Posted by: Patricia Salkin | November 15, 2018

CA Appeals Court Remands Denial of Hotel Owners’ Motion for Preliminary Injunction Over Taking Claim Under Minimum Stay Requirement

This post was authored by Edward Sullivan, Esq.

San Francisco SRO Hotel Coalition v. City and County of San Francisco, No. A151847 (Cal. App., 1st Dist., October 15, 2018) involved a takings claim under the California Constitution arising out of a 2017 amendment to the City’s Administrative Code that required that there be a minimum term of 32 days for hotel stays in single room occupancy (SRO) hotels. The Code had already been amended to prohibit SRO rentals of less than seven days and the 32 day minimum term would now bring into play the City’s rent control laws. The appellate court noted that an SRO is a small hotel room that typically lacks a private kitchen or bathroom, similar to a college dormitory room. Many low-income, elderly and disabled persons reside in SROs throughout the City. The City sought to preserve these hotels to prevent more “rough sleeping” in City streets and public places and had adopted a moratorium on conversion of SROs to tourist hotel housing in 1979 and adopted further permanent legislation in 1981 to make it economically difficult to make such conversions.  However, tenant protections at that time extended only to those renting for 32 days or more.

Plaintiffs, an association and individual hotel owners, sought invalidation of the amendment and sought review of the trial court’s denial of a preliminary injunction.  Among other allegations, certain Plaintiffs contended that the amendments amounted to a taking because they foreclosed rentals of seven to thirty-one days, which had previously been permitted as a lawful land use, and violated the Due Process and Equal Protection Clauses and sought declaratory and injunctive relief under the Federal Civil Rights Act.  Plaintiffs argued that by requiring SROs to be offered for an initial rental period of at least 32 days, the City was effectively forcing them out of the hotel business and into the landlord/tenant business, “subject to the onerous requirements of the Rent Ordinance, including eviction controls.”  The trial court denied the preliminary injunction finding no deprivation of a vested right and concluding Plaintiffs were unlikely to prevail on the merits and did not reach the question of whether Plaintiffs were entitled to contend that the balance of harms militated in favor of the grant of the preliminary injunction. The likelihood of prevailing and balance of harm analysis were the two requirements for the grant of this type of injunction.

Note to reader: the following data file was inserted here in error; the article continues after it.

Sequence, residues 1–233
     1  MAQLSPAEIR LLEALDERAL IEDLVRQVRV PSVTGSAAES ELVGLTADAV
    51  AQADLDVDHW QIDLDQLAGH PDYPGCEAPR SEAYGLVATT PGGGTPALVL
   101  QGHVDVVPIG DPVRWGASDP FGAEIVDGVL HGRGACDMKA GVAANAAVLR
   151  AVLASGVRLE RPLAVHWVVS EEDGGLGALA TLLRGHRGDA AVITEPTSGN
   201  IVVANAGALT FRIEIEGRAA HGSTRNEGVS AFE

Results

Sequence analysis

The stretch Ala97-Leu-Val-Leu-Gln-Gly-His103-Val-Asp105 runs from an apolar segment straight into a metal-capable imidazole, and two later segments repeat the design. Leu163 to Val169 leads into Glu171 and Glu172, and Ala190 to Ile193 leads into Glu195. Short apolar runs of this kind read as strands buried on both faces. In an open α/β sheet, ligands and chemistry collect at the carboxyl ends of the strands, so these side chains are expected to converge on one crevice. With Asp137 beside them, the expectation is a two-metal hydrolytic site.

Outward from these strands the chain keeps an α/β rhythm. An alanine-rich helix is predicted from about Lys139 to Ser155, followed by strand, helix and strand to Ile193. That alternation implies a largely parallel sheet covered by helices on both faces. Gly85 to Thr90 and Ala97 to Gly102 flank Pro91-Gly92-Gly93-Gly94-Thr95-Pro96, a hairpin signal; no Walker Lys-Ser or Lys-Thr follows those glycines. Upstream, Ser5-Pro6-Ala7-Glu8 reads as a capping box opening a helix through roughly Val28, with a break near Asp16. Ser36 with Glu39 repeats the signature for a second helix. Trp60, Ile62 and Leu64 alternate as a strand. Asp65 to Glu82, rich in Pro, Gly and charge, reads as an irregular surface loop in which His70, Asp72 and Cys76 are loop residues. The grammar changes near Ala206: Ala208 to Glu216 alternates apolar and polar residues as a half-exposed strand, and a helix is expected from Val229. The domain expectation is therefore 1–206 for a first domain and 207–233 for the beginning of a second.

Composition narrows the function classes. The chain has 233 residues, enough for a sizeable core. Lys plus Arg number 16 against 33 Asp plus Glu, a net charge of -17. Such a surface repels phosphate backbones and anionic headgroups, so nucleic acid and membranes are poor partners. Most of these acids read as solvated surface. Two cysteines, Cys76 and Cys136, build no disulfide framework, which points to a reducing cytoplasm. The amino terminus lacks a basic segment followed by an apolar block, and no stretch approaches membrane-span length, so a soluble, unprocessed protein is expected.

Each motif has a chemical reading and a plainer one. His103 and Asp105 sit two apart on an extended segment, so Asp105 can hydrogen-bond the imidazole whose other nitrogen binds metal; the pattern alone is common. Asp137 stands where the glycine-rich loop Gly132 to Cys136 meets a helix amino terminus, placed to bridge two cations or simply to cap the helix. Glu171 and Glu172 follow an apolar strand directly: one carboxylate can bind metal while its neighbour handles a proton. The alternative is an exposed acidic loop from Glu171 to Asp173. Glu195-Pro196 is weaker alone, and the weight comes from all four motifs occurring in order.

The court concluded that because 32-day rentals are subject to San Francisco’s rent control ordinance, this would change the nature of their business in significant and detrimental ways. The court agreed that the City could eliminate an existing land use by adopting a new regulation by added that it the law effected “an unreasonable, oppressive or unwarranted interference with an existing use, it may be held to be invalid as applied as a taking without just compensation or amortize the use.  The Court concluded:

The ordinances or zoning laws analyzed by each of these decisions had the effect of rendering it impossible to continue operating a legal, existing business; accordingly, the local government was required to either pay compensation or provide a reasonable amortization period for the business owners. The 2017 Amendments do neither. True, they do not require plaintiffs to shut their doors completely. But they do, on their face, require owners of SROs to forego more classically styled hotel rentals in favor of more traditional tenancies. This changes the fundamental nature of their business, by making them landlords rather than hotel operators.

The Court distinguished the rent control results of the 2017 regulations, which could be challenged separately, emphasizing that this case involved solely the forced change in Plaintiffs’ businesses with neither just compensation nor a reasonable amortization process and remanded the matter to the trial court to determine whether the balance of harm factors favored Plaintiffs.

Two things are of note regarding this case.  First, while this was a decision under the California Constitution, the result is unusual – even for California.  The prospect of changing one or more uses allowed in a general zoning ordinance to be the basis for a takings claim should be worrisome to local governments, who should follow this case closely.  If amortization is the alternative to a taking, the basis for calculating amortization would be either the cost of improvements that commit a structure to SRO hotel (as opposed to other hotel) uses and the price paid for the property based on an SRO status.

Second, it is an unpublished decision, which cannot be cited as precedent.  Unpublished decisions in California are most often used when the law is settled.  However, another common reason for an unpublished decision is that the court wants a certain result but does not want its analysis exposed to public scrutiny.  That may be the case here, because the case clearly isn’t based on settled law.

San Francisco SRO Hotel Coalition v. City and County of San Francisco, No. A151847 (Cal. App., 5th Dist., October 15, 2018)

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